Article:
centimetres higher than that level.
    Evacuations may occur as they did in 2009, when tiny
    isolated communities had their residents leave before the river
    peaked, in fear that fire trucks or ambulances would have
    trouble getting through swamped roads in the event of an
    emergency.
    The forecast for the rest of the province remains
    unchanged. Super-sized sandbags are being placed along low-lying
    roads in Brandon, the province's second-largest city that sits
    along the Assiniboine River. But water levels are not expected
    to pose a significant problem unless major storms coincide with
    the melt.
    Flood preparations are an annual ritual in Manitoba, where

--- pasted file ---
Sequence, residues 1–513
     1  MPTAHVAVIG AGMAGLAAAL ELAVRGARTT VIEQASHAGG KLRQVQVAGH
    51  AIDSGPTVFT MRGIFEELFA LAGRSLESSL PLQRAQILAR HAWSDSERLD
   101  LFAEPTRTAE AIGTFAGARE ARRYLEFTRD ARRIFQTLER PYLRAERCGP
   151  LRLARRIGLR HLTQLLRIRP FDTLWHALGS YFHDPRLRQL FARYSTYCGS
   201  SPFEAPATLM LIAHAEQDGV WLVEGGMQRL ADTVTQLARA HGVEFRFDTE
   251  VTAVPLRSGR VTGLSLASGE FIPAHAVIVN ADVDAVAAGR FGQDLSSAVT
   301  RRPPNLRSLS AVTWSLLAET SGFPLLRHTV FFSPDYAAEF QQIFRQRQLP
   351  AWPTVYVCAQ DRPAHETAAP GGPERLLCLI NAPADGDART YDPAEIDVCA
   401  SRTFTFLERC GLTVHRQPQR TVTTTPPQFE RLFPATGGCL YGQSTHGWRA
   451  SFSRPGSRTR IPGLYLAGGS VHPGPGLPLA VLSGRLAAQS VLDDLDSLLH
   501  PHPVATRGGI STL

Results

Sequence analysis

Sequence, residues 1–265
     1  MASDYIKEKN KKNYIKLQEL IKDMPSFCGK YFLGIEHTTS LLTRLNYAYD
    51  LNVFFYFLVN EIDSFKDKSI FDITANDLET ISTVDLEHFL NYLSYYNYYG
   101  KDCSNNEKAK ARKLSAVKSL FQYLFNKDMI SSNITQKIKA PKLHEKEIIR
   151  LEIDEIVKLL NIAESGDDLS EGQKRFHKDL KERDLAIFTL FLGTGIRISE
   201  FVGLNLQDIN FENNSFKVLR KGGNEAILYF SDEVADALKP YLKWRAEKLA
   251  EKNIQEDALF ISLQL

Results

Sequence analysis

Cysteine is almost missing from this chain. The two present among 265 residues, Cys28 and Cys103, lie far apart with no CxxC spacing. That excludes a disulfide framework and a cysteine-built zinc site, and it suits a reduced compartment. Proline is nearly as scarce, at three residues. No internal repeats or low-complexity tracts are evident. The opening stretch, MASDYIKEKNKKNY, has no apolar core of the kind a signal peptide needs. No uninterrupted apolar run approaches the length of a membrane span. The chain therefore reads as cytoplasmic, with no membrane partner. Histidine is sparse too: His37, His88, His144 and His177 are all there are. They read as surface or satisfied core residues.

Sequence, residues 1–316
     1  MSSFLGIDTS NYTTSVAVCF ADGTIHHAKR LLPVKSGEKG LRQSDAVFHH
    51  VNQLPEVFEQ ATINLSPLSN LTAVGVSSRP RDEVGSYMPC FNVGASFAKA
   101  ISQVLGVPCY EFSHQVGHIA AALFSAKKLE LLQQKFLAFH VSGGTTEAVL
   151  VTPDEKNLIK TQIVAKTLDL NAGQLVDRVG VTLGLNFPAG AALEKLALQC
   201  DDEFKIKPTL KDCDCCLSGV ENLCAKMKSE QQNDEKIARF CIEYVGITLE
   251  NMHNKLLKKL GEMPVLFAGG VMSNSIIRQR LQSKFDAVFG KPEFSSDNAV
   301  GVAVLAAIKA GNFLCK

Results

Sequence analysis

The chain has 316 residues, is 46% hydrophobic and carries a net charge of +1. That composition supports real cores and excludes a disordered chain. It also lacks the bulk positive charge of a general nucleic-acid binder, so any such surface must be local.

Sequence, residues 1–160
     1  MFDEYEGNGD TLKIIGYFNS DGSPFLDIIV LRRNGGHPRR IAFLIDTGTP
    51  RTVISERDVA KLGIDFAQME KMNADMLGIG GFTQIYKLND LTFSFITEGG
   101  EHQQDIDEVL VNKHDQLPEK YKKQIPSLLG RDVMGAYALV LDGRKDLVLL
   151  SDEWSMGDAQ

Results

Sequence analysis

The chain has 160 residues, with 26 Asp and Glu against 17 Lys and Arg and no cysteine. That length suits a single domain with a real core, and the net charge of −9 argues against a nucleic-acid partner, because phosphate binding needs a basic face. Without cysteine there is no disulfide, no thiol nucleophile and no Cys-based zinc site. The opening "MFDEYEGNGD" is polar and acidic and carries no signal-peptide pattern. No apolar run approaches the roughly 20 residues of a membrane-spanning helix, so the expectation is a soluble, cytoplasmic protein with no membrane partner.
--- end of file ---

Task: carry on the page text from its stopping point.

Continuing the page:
meltwater comes from as far away as Alberta and South Dakota.
    The province has several measures in place designed to
    keep water flowing smoothly. Three amphibious icebreakers are
    used to break up rivers, dikes have been built around many
    smaller communities and diversion channels move water around
    larger cities.
    Winnipeg is protected by the Red River Floodway -- a 47-
    kilometre-long channel that diverts water around the city to the
    east and north.
    The biggest factor is whether a freak storm develops and
    dumps a lot of snow or rain just as meltwater starts to make the
    rivers rise. Because of unusually cold weather this year, the
    Red is expected to peak only in the second half of May -- about
    three weeks later than usual."
     
    #10     Apr 18, 2013